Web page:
Scheduled to open in January 2017, the indoor practice facility will be connected to the Butts-Mehre building in place of where the Nalley Multipurpose Facility once stood.
It will not just be a hub for the football team. The facility will feature a 65 meter track, jumping pits and a netting system that will allow other teams to train in inclement weather.
The lack of a full indoor track came as a surprise to some, according to head coach Petros Kypraniou, the team will use the facility to every capacity considering what they were doing before during inclement weather.
“Sometimes we would wait for the football team to finish in the turf room and set up in there,” he said, “Other times, we’d have a 20 by 20 tent set up and wait for the weather to calm down.”
The leader in indoor tracks is in the SEC according to Kypraniou, the University of Arkansas. Opened in 2000, the Randal Tyson Track Center is a separate indoor facility to the football team’s and is regarded as the best indoor track in the world.
With a nationally ranked boys and girls team on a consistent basis, senior runner Christian Harrison believes his team should’ve gotten more from the deal.
“The track team has NCAA record holders, national champions, and olympians. I understand track is not a revenue sport but it seems like if the athletic department valued performance and championships as much as the amount of money a sport brings in, they might have added an indoor track,” Harrison said, “I’m not saying football doesn’t need an indoor facility, just saying I don’t see the harm in letting the track team avoid the cold weather as well.”
According to Robinson, an indoor track isn’t as simple as one would think.
“When you look at the dimensions of the facility, there just isn’t enough space for a 300m track,” he said, “We’re already up against our surrounding streets as is, to place a track in there we would have to expand into the streets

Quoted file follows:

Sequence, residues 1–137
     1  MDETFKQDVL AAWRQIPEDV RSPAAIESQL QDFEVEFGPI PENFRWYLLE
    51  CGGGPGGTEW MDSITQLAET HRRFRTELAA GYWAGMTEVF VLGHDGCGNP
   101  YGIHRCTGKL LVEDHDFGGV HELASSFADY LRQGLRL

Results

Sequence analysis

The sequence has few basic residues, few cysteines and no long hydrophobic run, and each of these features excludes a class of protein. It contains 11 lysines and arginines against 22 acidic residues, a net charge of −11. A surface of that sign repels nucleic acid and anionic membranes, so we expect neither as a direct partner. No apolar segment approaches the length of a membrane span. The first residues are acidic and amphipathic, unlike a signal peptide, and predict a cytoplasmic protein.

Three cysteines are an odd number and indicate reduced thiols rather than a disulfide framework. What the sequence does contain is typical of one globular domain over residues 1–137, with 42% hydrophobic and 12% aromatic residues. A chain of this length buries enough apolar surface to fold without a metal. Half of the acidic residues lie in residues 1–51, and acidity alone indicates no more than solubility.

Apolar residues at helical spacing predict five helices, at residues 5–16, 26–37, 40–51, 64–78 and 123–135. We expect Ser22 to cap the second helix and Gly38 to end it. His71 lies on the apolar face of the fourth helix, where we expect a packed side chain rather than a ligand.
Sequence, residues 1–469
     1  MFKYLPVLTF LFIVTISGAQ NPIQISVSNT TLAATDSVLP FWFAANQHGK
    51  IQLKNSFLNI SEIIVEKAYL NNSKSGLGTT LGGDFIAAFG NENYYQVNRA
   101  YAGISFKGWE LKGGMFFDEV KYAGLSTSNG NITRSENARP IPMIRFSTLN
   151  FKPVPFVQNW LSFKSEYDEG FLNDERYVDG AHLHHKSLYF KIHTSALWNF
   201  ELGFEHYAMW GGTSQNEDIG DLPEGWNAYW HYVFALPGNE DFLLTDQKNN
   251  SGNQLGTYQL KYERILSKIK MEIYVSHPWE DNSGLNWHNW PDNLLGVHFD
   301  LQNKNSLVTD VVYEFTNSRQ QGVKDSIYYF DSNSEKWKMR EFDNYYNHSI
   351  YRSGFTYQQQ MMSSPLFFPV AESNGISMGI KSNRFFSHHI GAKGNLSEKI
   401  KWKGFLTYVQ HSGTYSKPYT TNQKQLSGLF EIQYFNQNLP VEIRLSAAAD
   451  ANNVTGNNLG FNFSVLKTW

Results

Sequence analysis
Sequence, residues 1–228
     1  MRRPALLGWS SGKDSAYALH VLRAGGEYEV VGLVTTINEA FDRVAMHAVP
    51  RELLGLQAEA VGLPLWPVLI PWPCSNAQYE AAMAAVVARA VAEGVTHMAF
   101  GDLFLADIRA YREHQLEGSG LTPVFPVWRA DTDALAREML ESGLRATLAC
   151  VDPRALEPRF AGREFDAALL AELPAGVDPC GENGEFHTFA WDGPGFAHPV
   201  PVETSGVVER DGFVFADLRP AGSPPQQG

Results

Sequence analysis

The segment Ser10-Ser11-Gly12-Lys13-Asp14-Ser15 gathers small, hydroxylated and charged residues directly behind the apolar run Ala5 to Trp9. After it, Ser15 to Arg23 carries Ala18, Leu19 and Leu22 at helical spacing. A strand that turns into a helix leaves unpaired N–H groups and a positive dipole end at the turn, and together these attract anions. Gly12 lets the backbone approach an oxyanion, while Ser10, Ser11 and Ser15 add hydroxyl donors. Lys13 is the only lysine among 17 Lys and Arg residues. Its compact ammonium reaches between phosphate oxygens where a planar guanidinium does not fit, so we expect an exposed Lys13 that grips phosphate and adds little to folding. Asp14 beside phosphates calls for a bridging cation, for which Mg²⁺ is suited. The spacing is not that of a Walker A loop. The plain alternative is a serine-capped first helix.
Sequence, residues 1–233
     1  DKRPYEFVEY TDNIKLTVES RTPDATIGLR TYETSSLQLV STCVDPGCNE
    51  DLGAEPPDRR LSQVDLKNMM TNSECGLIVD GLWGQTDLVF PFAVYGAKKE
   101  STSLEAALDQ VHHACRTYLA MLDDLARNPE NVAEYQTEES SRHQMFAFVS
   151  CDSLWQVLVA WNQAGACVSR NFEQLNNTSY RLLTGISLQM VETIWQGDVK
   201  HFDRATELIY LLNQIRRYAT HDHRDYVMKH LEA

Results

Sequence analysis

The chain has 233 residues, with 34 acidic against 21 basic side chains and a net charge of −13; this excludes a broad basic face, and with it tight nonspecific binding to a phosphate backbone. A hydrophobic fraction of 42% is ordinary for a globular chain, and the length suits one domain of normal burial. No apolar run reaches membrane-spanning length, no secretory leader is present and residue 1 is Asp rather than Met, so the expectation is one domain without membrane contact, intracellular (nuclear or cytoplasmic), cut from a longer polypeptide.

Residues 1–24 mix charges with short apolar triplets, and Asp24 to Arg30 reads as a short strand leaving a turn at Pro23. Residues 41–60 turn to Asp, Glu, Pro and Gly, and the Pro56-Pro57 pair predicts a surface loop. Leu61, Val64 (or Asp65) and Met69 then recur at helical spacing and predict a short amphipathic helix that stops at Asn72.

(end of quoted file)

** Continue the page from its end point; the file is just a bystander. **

Junior Kendell Williams, both an indoor (pentathlon) and outdoor (heptathlon) SEC and national champion, was the only athlete to speak at the groundbreaking ceremony for the facility in February. While she wishes for a full-length track, she sees the benefits of having what equipment they’ll have once it’s complete.
“The stretch of track will allow us to work on speed and power events that we run during the indoor season such as the 60 meter hurdles and dash,” she said, “I am really excited to see the final product and we all can’t wait until it’s ready.”
Ideally, the IPF will be opening its doors to a football team practicing for a New Year’s Six or College Football Playoff game along with the other sports that will call it home training alongside them for their upcoming seasons.
However, the fact remains the same according to Robinson: there’s no direct correlation between building new facilities and winning more games. Winning teams have IPF’s as do losing teams. To him, substance is greater than style.
“If it was scientifically proven then of course let’s build everything new from scratch,” he said, “We’re a traditionalist but we’re innovative. Style is great but that doesn’t win, we want to fill the facility with great students-athletes and grow them into the best competitors possible, that’s how you win.”
|School||Year opened/Latest Renovation||Square footage||Total Cost|
|Mississippi State||2004||68,000||$3.8 million|
|Ole Miss||2004||150,000||$18 million|
|South Carolina||2015||100,000||$14.3 million|
|Texas A&M||2007||76,000||$20.8 million|